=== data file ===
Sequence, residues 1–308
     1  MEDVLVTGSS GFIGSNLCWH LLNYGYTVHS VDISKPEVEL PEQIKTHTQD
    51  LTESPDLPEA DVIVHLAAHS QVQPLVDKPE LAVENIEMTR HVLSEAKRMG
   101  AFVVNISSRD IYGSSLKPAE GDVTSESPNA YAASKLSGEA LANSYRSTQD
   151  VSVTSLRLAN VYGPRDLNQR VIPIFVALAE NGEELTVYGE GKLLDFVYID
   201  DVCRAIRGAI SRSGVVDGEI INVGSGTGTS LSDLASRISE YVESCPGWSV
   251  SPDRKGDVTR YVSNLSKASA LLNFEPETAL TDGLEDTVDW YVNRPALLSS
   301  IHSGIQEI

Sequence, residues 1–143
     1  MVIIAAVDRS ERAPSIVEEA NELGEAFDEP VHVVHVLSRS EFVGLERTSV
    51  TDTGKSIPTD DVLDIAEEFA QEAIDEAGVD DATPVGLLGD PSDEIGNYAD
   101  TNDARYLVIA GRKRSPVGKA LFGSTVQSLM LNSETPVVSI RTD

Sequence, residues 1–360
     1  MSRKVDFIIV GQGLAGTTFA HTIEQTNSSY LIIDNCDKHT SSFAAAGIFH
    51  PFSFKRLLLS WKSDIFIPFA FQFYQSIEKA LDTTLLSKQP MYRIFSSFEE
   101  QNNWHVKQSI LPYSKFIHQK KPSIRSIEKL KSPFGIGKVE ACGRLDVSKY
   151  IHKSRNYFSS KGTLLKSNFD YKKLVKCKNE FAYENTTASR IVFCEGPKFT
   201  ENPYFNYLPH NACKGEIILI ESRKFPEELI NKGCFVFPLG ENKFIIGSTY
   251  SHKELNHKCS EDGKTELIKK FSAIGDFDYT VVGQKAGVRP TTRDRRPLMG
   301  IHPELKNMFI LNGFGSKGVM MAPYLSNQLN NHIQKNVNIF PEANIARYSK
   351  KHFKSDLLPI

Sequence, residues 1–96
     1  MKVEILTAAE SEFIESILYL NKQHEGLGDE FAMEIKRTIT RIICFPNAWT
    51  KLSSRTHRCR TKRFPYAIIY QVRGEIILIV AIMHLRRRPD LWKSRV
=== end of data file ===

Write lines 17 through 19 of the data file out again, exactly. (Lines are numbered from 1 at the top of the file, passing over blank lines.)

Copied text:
   151  IHKSRNYFSS KGTLLKSNFD YKKLVKCKNE FAYENTTASR IVFCEGPKFT
   201  ENPYFNYLPH NACKGEIILI ESRKFPEELI NKGCFVFPLG ENKFIIGSTY
   251  SHKELNHKCS EDGKTELIKK FSAIGDFDYT VVGQKAGVRP TTRDRRPLMG